How to love your­self

The Australian Women's Weekly - - Mindfulness -


Sit qui­etly and closely ex­am­ine a photo of your­self, es­pe­cially the eyes and the area around the mouth. There you might de­tect some vul­ner­a­bil­ity, or some child­like, in­no­cent qual­i­ties, and you can start to feel com­pas­sion for this per­son who is do­ing their best.


Use Facebook and so­cial me­dia as a prac­tice of gen­eros­ity rather than a search for val­i­da­tion. Of­ten, we post our ex­pe­ri­ences on so­cial me­dia to see if other peo­ple like them be­fore we even al­low our­selves to like those things. We can end up need­ing oth­ers to val­i­date our ex­pe­ri­ences.


Sit down with a large plate of food in front of you. Take a few breaths through your nose, smelling the food. Now be aware of pick­ing up the fork and the sense of spear­ing the food. Feel the move­ment of lift­ing it to your mouth and your lips pulling it off the fork. When your mouth is full, fo­cus in on the tex­ture, taste, chewa­bil­ity, and maybe your urge for more will van­ish.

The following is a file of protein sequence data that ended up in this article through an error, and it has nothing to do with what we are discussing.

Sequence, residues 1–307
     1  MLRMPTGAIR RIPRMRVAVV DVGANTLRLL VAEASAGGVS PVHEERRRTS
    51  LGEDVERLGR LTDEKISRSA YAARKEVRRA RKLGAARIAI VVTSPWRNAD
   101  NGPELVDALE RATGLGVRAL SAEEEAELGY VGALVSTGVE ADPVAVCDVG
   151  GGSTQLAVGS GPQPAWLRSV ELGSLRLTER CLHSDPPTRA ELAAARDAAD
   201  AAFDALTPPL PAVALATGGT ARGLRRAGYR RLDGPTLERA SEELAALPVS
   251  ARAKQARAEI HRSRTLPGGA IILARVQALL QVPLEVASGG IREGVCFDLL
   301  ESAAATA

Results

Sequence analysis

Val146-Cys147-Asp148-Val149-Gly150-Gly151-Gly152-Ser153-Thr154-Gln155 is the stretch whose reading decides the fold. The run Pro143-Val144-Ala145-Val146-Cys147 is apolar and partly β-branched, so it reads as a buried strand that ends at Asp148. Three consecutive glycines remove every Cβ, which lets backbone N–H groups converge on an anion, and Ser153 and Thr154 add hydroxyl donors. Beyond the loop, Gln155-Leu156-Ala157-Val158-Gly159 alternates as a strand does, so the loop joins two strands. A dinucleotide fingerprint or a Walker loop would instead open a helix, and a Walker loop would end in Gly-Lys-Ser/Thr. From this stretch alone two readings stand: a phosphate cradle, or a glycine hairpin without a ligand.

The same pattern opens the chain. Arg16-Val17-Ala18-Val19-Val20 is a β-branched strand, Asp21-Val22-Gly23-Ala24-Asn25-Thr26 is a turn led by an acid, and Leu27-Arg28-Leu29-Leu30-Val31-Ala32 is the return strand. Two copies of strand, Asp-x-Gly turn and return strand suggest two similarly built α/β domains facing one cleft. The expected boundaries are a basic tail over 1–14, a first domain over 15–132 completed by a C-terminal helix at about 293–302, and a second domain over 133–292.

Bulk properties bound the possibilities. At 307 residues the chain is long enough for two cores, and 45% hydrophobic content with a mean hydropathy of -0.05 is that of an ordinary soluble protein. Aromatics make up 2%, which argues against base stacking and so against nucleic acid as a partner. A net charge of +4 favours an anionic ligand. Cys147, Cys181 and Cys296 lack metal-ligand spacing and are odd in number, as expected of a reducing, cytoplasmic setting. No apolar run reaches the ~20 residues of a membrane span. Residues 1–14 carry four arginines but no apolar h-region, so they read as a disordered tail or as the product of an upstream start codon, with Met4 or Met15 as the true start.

When you’re walk­ing down the street, no­tice who’s smil­ing and who looks up­set. Over time, in­ten­tion­ally fo­cus on peo­ple who seem light and con­tent, al­low­ing their emo­tions to rub off on your own and then send the feel­ing back.

How to Be Hu­man: The Man­ual by Ruby Wax, pub­lished by Pen­guin Life, is in book­stores from Jan­uary 29.

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